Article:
World AIDS Day and the Red Ribbon

World AIDS Day takes place on December 1st each year since 1998. It’s an opportunity for people worldwide to unite in the fight against HIV, to show support for people living with HIV, and to commemorate those who have died from AIDS-related complications. World AIDS Day is one of the eight official global public health campaigns marked by the World Health Organization (WHO).

Why is World AIDS Day important?

Globally there are an estimated 37.9 million people are living with HIV at the end of 2018.1 Despite the virus only being identified in 1984, more than 32 million people have died of HIV or AIDS-related complications, which makes it one of the most destructive pandemics in history.2

World AIDS Day has always been important to me because it's a reminder to the general public and our government that HIV has not gone away. We have the opportunity to highlight that there is still a vital need to raise money, increase awareness, fight prejudice and improve education. World AIDS Day is also an opportunity to stand up and show out with the millions of people living with HIV worldwide.

History of the red ribbon for HIV awareness

Many people bring about awareness by wearing a red HIV awareness ribbon on that day. In 1991, a decade after the emergence of HIV, twelve activists gathered in a gallery in New York’s East Village. They met to discuss a new project of Visual AIDS Artists Caucus, a New York HIV awareness arts organization. These artists came together in the spring of 1991. It was there that they came up with what would become one of the most recognized symbols of the decade, the red ribbon, worn to signify awareness and support for people living with HIV.3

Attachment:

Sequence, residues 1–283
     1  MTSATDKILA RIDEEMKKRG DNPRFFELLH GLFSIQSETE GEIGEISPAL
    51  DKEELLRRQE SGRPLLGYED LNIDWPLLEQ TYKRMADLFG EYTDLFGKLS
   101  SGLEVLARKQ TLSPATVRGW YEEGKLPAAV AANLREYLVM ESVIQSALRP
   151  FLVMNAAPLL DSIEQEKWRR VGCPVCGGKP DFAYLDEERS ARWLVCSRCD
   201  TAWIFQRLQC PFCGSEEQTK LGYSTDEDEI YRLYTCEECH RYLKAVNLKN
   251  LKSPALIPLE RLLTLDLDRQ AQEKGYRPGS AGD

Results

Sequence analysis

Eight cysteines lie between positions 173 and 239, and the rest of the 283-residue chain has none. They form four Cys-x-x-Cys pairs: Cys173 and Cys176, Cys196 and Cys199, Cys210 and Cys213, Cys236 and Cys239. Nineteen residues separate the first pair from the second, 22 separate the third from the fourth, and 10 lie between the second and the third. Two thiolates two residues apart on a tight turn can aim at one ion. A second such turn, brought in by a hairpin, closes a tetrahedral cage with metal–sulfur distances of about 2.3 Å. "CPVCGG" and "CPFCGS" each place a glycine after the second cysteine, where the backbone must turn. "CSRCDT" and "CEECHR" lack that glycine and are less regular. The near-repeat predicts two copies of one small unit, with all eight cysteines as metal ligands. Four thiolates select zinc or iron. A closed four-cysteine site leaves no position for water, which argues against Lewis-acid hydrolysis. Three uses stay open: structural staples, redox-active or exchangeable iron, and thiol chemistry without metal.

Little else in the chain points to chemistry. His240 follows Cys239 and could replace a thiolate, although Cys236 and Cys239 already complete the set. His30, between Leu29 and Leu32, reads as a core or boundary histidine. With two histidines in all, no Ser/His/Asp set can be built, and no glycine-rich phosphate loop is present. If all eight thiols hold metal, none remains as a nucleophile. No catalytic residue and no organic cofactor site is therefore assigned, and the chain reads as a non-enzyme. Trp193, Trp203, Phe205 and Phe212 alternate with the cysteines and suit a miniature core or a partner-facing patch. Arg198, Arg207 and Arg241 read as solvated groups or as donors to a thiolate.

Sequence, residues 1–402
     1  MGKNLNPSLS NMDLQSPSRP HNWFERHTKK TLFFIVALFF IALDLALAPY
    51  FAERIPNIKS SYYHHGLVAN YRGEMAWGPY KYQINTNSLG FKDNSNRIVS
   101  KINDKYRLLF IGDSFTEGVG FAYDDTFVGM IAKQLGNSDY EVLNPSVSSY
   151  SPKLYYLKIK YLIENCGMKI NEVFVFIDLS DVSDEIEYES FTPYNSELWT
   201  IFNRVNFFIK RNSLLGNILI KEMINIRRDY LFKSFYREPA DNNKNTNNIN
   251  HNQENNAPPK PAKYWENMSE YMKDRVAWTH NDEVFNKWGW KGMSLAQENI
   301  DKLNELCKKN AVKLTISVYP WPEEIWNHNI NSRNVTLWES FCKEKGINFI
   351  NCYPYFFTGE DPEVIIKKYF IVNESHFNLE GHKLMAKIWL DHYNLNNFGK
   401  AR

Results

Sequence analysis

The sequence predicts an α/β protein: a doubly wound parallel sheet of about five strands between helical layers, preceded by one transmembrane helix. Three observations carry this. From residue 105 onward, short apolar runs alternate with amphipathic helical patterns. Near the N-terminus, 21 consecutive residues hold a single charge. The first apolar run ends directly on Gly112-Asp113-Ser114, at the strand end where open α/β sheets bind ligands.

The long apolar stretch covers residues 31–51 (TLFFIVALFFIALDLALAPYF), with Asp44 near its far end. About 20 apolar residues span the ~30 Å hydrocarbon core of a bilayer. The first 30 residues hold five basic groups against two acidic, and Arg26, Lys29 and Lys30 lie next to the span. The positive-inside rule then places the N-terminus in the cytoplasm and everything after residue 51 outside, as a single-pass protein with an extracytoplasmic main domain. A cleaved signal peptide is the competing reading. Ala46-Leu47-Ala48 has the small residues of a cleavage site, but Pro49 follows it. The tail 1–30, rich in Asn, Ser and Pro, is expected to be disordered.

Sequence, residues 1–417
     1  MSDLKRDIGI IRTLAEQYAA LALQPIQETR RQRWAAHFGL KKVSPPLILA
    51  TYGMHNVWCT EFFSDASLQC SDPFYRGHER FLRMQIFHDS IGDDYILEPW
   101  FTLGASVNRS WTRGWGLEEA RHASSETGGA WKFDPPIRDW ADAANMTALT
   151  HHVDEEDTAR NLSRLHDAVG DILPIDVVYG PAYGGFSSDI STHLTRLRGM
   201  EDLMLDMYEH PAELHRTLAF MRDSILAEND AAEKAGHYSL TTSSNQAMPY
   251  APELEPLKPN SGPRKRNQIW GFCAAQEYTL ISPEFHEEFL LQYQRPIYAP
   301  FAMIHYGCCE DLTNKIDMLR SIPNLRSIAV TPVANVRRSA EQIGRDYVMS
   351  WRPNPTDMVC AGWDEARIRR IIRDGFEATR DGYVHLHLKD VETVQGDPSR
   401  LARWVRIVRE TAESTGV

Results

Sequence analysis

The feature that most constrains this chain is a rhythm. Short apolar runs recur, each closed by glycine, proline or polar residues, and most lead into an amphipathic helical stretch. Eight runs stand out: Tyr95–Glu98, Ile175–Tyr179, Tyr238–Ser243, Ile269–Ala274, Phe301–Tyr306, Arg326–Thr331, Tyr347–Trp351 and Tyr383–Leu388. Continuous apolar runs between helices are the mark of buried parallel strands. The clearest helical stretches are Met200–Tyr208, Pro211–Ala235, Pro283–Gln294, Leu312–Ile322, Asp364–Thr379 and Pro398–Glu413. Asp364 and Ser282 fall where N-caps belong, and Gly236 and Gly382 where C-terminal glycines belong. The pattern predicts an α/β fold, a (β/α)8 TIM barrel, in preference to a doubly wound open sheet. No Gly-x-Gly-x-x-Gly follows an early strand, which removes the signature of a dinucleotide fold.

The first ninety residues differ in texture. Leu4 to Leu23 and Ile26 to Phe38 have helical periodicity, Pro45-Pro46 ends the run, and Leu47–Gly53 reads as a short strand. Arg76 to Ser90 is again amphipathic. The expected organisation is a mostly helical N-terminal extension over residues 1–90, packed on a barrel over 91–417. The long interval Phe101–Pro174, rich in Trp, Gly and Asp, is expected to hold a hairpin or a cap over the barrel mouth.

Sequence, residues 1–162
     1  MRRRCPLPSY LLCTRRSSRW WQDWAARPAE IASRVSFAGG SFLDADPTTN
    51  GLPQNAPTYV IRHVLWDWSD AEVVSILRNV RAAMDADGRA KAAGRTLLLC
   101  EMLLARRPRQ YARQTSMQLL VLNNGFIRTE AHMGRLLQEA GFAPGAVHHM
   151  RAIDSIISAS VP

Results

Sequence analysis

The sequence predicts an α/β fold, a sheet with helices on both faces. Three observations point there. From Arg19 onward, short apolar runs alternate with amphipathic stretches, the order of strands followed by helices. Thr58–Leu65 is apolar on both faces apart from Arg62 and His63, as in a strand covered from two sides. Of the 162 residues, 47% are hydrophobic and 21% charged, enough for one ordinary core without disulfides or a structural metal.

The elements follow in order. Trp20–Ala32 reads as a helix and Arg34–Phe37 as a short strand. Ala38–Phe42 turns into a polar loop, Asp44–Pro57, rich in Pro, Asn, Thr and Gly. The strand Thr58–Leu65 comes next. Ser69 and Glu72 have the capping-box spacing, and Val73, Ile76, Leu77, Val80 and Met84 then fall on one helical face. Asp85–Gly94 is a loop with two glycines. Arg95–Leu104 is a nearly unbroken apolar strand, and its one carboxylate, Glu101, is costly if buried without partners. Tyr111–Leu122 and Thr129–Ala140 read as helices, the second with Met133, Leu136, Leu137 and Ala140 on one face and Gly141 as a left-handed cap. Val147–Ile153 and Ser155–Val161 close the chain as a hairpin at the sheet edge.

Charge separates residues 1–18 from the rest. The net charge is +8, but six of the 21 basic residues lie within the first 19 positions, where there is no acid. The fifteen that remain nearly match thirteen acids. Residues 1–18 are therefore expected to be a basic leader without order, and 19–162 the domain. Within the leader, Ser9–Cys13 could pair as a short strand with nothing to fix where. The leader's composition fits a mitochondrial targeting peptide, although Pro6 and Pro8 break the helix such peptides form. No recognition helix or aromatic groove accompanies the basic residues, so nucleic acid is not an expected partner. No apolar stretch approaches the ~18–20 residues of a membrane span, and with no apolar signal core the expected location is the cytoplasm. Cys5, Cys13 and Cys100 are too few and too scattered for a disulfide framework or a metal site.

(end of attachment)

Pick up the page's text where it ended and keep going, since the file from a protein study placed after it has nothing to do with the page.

On Sunday, June 2, 1991, Visual AIDS working with Broadway Cares and Equity Fights AIDS launched the Red Ribbon at the 45th Annual Tony Awards broadcast by CBS. The activists choose the Tony Awards as a way to communicate the extent to which the epidemic was affecting members of their own community of artists and performers. The Tony Awards host, Jeremy Irons, wore the red ribbon. The guests and presenters were asked not to speak directly about what the red ribbon meant. This resulted in media curiosity and the red ribbon became an overnight phenomenon.4

Inspiration for the red ribbon

Taking inspiration from the yellow ribbon of support for the U.S. military during the Gulf War, the loop-shape of the ribbon was easy to make and replicate. The organizers avoided traditional colors associated with the gay community, like pink and rainbow stripes. This was important because they wanted to convey that HIV was relevant to everyone.

They decided on red because of its boldness and for its symbolic associations with passion, the heart, and love. The ribbon became well-known because the artist shared them around New York art galleries and theatres. The red ribbon continues to be a powerful force in our efforts to increase public awareness of HIV.

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